Falling trees, cannibalism, suicide, and a long walk across post-apocalyptic America.
Starring Viggo Mortensen, Kodi Smit-McPhee, Charlize Theron, and Robert Duvall. Directed by John Hillcoat. Based on the book by Cormac McCarthy.
Oh future, why are you so bleak? What happened to flying cars, food pills, jetpacks, or anything on “Star Trek?”
The apocalypse has come and Man (Mortensen) lives in a cabin with his pregnant wife(Theron). Something catches woodland areas on fire and the world goes to hell in a handbasket. She has the child, a son (Smit-McPhee), and for a while they make it while the world outside is in chaos. Eventually she can no longer make it through the desolation and, late one night, strips down to nothing and disappears into the winter night.
“The Road” is a “road movie” by most standards (people traveling across America for a singular goal) as much as it is a post-apocalyptic movie in the vein of “Road Warrior,” and “Children of Men.” This is a world in which the sky is set on gray overcast all day, every day; a world in which trees are dying and falling left and right while horrendous fires consume forests. Men have taken to cannibalism by gathering in large groups and killing any outsiders and eating them, especially any children. There is no fuel left to find and no birds fly in the sky. The place is as depressing as it is desolate.
Through the movie we have no real background on Mortensen’s character; he doesn’t even have a name (then again, neither did the horse in that America song). He’s just a man standing against the end of days; a savage Grizzly Adams who keeps the fire inside him going for reasons known only to him.
His son travels with him but aside from being his son, there’s not a lot of connection between the two. The son, just born in the beginning of this Armageddon, doesn’t remember or know days of sunlight, or birds, or any of the happier days that his father can call upon during sleep. He desperately wants to meet another kid, to go out and play, to see his mother again, or just to be happy.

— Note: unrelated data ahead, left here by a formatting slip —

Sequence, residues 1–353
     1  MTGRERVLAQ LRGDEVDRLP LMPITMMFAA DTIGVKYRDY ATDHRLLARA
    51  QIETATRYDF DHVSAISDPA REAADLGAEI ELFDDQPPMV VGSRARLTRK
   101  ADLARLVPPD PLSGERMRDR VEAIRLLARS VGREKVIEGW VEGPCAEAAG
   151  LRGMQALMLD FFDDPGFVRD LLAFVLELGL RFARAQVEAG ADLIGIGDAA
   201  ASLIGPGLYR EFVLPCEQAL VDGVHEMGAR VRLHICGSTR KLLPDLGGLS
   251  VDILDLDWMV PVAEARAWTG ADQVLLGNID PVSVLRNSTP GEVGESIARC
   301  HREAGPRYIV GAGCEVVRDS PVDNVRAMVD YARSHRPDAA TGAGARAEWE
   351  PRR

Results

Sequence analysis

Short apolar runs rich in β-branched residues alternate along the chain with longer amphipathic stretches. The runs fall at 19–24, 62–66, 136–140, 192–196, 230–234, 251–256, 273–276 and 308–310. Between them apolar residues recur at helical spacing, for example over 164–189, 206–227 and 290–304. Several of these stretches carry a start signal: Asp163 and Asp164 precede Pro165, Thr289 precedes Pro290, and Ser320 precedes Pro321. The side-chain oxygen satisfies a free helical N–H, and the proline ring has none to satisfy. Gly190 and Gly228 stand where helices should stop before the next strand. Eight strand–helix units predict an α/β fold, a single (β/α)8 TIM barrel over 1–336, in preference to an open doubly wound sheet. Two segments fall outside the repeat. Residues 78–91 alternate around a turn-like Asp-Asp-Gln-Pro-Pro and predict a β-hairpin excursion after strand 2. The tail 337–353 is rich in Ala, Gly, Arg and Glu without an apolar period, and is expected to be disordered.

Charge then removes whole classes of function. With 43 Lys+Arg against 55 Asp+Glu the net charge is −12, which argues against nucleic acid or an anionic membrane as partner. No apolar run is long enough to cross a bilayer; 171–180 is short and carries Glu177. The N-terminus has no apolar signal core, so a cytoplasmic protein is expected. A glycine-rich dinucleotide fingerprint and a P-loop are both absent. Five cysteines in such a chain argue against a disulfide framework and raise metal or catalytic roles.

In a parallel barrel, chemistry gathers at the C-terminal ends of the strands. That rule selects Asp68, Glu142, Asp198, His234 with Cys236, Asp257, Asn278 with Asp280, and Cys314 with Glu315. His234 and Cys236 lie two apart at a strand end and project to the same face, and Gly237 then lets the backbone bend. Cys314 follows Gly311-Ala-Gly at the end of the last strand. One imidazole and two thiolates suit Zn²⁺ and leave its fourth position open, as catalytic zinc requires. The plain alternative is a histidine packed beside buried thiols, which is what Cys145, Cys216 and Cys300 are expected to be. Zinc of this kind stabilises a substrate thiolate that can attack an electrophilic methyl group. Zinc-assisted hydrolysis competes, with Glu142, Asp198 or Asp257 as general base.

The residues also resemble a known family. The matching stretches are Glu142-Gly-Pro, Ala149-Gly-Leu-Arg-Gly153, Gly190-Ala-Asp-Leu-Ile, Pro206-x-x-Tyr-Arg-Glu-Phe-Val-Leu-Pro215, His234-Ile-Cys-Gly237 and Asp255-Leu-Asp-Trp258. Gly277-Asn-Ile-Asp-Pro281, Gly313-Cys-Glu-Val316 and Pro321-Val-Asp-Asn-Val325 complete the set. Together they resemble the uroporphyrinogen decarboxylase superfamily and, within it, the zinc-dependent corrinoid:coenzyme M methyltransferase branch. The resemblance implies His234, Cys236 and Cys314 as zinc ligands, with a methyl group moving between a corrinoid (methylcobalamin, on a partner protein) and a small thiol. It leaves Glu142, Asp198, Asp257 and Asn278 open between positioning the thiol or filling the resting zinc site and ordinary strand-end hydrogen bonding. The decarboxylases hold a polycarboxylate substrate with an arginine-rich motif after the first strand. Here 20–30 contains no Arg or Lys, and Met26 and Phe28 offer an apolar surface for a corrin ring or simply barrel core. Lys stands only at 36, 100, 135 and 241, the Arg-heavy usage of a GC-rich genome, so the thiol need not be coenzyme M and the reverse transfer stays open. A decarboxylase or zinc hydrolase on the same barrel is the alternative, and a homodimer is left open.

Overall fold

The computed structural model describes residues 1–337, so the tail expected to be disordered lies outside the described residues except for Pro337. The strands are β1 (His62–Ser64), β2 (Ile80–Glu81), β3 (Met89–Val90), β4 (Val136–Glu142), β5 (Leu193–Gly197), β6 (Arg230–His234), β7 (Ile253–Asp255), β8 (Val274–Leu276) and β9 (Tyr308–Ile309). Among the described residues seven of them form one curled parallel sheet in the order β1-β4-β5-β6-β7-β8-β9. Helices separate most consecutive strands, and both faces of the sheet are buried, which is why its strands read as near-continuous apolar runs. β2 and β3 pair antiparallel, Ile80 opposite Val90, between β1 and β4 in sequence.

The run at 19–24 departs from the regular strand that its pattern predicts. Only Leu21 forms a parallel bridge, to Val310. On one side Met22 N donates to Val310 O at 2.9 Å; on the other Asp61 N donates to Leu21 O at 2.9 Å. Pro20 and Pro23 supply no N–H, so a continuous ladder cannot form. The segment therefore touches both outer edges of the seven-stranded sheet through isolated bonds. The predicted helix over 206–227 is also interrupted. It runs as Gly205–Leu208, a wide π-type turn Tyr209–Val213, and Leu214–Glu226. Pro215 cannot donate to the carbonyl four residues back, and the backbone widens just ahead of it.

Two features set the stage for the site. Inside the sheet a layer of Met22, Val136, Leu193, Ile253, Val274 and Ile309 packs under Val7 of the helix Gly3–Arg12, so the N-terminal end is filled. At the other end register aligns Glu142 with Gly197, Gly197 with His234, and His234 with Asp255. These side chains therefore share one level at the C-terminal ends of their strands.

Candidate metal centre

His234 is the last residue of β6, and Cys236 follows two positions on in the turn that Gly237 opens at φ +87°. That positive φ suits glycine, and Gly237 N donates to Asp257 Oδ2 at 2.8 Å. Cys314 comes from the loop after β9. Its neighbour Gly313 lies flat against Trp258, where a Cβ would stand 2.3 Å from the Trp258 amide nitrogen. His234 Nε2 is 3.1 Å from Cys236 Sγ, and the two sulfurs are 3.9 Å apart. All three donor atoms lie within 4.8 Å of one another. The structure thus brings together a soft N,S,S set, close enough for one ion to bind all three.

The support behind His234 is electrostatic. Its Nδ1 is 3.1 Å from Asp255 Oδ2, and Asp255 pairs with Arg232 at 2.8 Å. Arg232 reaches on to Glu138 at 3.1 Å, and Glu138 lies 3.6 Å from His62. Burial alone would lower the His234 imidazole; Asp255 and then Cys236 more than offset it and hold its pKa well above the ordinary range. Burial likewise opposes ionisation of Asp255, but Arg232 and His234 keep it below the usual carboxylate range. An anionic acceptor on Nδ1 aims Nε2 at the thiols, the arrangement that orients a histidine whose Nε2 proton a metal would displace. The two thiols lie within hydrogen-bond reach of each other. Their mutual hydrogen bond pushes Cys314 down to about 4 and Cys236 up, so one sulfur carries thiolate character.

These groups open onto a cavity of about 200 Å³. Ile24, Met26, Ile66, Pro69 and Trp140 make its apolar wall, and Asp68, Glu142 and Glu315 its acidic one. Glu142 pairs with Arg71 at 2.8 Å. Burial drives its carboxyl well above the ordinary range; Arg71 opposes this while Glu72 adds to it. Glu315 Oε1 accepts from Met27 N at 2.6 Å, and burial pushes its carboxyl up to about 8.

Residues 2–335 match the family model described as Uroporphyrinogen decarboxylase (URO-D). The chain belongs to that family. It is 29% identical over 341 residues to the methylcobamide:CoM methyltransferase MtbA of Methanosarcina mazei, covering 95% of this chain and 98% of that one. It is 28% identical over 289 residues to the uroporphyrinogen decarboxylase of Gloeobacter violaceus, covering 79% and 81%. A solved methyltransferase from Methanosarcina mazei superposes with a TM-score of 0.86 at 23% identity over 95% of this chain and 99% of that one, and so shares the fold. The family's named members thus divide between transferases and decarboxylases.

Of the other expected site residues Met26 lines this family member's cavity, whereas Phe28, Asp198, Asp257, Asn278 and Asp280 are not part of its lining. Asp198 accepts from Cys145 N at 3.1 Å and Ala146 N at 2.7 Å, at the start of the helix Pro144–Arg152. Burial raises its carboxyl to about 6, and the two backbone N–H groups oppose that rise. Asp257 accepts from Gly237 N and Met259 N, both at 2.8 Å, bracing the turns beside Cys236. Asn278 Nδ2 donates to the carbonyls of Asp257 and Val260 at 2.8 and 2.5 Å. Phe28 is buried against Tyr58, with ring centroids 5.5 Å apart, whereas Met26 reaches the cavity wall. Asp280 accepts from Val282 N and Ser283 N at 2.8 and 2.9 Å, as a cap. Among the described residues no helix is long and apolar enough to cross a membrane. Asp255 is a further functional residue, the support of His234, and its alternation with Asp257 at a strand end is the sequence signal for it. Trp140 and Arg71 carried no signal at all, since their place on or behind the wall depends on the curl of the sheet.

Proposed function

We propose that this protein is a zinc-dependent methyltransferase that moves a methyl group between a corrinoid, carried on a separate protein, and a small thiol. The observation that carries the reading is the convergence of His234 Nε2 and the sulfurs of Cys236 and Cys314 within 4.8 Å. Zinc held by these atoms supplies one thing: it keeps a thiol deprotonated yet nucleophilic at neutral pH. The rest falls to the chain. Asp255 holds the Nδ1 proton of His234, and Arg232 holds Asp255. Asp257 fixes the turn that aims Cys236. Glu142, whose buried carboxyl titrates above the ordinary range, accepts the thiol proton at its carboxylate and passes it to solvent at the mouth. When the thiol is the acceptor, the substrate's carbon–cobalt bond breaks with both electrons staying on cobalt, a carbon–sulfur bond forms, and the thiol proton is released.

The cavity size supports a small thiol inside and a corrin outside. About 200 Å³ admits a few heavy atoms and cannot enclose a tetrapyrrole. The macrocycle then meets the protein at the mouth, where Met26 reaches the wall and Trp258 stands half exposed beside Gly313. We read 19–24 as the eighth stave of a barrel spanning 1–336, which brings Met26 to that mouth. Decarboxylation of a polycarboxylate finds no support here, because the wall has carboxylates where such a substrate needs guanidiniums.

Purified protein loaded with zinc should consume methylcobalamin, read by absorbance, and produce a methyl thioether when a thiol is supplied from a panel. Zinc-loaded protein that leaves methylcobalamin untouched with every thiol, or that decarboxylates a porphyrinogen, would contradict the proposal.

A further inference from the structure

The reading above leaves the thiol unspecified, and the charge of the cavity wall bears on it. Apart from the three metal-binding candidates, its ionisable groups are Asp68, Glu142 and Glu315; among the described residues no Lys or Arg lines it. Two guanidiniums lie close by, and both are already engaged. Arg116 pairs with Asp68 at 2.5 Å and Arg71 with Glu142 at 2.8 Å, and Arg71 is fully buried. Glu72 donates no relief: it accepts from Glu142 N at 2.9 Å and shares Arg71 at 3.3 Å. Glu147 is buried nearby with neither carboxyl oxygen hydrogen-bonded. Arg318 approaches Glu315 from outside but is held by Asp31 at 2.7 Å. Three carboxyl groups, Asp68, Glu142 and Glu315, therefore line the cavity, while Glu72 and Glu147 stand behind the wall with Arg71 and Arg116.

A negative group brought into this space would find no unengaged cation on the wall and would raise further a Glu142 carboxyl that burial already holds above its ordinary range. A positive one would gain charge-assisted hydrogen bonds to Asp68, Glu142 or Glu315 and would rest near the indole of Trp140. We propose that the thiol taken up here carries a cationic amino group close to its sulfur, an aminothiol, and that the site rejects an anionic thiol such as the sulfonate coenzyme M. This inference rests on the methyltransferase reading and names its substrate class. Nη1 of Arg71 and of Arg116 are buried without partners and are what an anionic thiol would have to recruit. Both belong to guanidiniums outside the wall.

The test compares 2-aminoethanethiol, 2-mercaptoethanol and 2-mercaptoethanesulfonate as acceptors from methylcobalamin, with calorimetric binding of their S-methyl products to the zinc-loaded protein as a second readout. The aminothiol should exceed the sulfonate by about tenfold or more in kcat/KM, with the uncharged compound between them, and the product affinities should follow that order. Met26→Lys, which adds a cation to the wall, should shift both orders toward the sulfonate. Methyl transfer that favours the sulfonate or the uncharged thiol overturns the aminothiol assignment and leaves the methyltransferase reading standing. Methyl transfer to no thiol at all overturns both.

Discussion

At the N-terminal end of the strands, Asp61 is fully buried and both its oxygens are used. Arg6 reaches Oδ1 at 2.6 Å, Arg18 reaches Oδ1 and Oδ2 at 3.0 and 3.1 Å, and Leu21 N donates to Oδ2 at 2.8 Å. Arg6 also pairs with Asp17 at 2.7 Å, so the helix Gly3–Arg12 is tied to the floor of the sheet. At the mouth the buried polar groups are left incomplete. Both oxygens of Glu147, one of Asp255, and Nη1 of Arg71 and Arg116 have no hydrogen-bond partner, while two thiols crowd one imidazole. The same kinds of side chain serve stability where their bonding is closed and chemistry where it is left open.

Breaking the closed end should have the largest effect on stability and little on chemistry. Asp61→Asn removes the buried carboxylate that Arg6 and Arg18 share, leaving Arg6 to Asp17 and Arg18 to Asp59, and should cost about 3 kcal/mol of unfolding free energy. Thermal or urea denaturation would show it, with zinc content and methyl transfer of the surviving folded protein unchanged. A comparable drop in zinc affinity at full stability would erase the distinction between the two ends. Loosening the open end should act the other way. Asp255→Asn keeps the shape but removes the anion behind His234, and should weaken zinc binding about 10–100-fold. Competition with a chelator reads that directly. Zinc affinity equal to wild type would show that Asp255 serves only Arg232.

Following his wife’s last words to go south and get to the coast, the two do just that. With the only narration being Mortensen’s feelings on the oblivion surrounding him we piece together now so much what happened as what the world became: animals mainly out for themselves, or just to be left alone. The duo is cold, hungry, dirty, and want to part ways with the other but need to stay together to survive. Along the way they meet an old man (Robert Duvall), packs of marauders, and a guy who steals their stuff but spares them. And the road they’re on is long, cracked, and barren.
This is more of a visual-intellectual movie than say “Children of Men,” or the “Mad Max” movies. As shown in his previous film, “The Proposition,” Hillcoat uses long takes and exposures to give the audience a feeling of being there. And also like his previous film he likes pitting characters on a quixotic quest across the barren wilds.
The film is a journey. It’s a brutal, honest character study of two people as they make their way across the landscape for the purpose of getting to the ocean. There’s nothing else to do and nothing else to live for but they try to not let it on. Meanwhile, Death itself surrounds them in the form of houses where groups host cannibalism and farms where entire families have committed suicide. It’s a story of struggle and survival between man and man and man and a crumbling environment.
Did I like this film? Yes. It’s cerebral, bleak, but beautiful in its portrayal of oblivion. Mortensen has always been a good actor and this film showcases how great he really can be. Impressive as well is newcomer Kodi Smit-McPhee whp plays his son.
Watch for “Proposition” alum Guy Pearce in a small role at the end, as well as Molly Parker playing his wife.
My grade: A-